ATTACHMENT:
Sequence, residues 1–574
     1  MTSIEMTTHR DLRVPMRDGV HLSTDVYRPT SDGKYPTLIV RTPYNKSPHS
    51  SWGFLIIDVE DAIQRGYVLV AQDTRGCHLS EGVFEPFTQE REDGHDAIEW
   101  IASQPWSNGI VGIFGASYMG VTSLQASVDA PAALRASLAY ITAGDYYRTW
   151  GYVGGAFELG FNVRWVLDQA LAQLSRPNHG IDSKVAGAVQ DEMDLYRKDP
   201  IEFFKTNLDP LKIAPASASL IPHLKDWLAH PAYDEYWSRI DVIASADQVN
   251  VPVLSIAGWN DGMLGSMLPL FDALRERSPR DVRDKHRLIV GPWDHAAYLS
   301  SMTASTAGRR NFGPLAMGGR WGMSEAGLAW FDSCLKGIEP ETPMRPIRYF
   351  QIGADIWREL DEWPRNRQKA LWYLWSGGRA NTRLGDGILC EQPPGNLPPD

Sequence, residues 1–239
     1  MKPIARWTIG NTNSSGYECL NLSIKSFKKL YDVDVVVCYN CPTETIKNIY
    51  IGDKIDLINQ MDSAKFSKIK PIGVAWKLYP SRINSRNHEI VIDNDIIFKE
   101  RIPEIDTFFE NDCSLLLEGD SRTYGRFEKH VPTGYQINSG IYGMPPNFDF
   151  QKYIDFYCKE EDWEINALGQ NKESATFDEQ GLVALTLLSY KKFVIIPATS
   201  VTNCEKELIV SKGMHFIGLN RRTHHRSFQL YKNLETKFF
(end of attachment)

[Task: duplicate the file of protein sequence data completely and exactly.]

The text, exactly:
Sequence, residues 1–574
     1  MTSIEMTTHR DLRVPMRDGV HLSTDVYRPT SDGKYPTLIV RTPYNKSPHS
    51  SWGFLIIDVE DAIQRGYVLV AQDTRGCHLS EGVFEPFTQE REDGHDAIEW
   101  IASQPWSNGI VGIFGASYMG VTSLQASVDA PAALRASLAY ITAGDYYRTW
   151  GYVGGAFELG FNVRWVLDQA LAQLSRPNHG IDSKVAGAVQ DEMDLYRKDP
   201  IEFFKTNLDP LKIAPASASL IPHLKDWLAH PAYDEYWSRI DVIASADQVN
   251  VPVLSIAGWN DGMLGSMLPL FDALRERSPR DVRDKHRLIV GPWDHAAYLS
   301  SMTASTAGRR NFGPLAMGGR WGMSEAGLAW FDSCLKGIEP ETPMRPIRYF
   351  QIGADIWREL DEWPRNRQKA LWYLWSGGRA NTRLGDGILC EQPPGNLPPD

Sequence, residues 1–239
     1  MKPIARWTIG NTNSSGYECL NLSIKSFKKL YDVDVVVCYN CPTETIKNIY
    51  IGDKIDLINQ MDSAKFSKIK PIGVAWKLYP SRINSRNHEI VIDNDIIFKE
   101  RIPEIDTFFE NDCSLLLEGD SRTYGRFEKH VPTGYQINSG IYGMPPNFDF
   151  QKYIDFYCKE EDWEINALGQ NKESATFDEQ GLVALTLLSY KKFVIIPATS
   201  VTNCEKELIV SKGMHFIGLN RRTHHRSFQL YKNLETKFF